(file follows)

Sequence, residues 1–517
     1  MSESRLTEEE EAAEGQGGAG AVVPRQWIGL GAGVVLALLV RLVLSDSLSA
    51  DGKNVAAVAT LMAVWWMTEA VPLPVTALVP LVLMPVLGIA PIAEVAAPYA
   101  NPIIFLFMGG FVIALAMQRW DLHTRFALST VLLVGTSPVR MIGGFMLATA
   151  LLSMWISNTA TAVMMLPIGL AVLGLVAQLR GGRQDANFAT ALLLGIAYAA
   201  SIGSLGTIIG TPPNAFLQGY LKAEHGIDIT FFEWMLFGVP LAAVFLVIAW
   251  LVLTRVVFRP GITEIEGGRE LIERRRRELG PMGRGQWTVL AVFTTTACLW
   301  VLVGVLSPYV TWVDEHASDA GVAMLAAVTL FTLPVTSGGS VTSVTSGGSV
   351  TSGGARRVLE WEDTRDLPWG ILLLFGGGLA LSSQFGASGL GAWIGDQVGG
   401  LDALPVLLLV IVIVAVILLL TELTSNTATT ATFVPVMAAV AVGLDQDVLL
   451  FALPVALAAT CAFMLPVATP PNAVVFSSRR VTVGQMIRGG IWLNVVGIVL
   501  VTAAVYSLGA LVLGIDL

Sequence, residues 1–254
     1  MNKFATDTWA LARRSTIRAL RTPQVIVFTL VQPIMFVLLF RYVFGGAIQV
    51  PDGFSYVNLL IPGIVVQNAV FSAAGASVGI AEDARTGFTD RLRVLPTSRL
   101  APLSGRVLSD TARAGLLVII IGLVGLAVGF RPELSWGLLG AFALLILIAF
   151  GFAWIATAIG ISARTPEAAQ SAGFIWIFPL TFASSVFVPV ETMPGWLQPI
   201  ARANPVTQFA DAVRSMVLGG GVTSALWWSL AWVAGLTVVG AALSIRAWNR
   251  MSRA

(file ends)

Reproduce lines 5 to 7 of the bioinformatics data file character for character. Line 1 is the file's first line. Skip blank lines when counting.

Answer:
   151  LLSMWISNTA TAVMMLPIGL AVLGLVAQLR GGRQDANFAT ALLLGIAYAA
   201  SIGSLGTIIG TPPNAFLQGY LKAEHGIDIT FFEWMLFGVP LAAVFLVIAW
   251  LVLTRVVFRP GITEIEGGRE LIERRRRELG PMGRGQWTVL AVFTTTACLW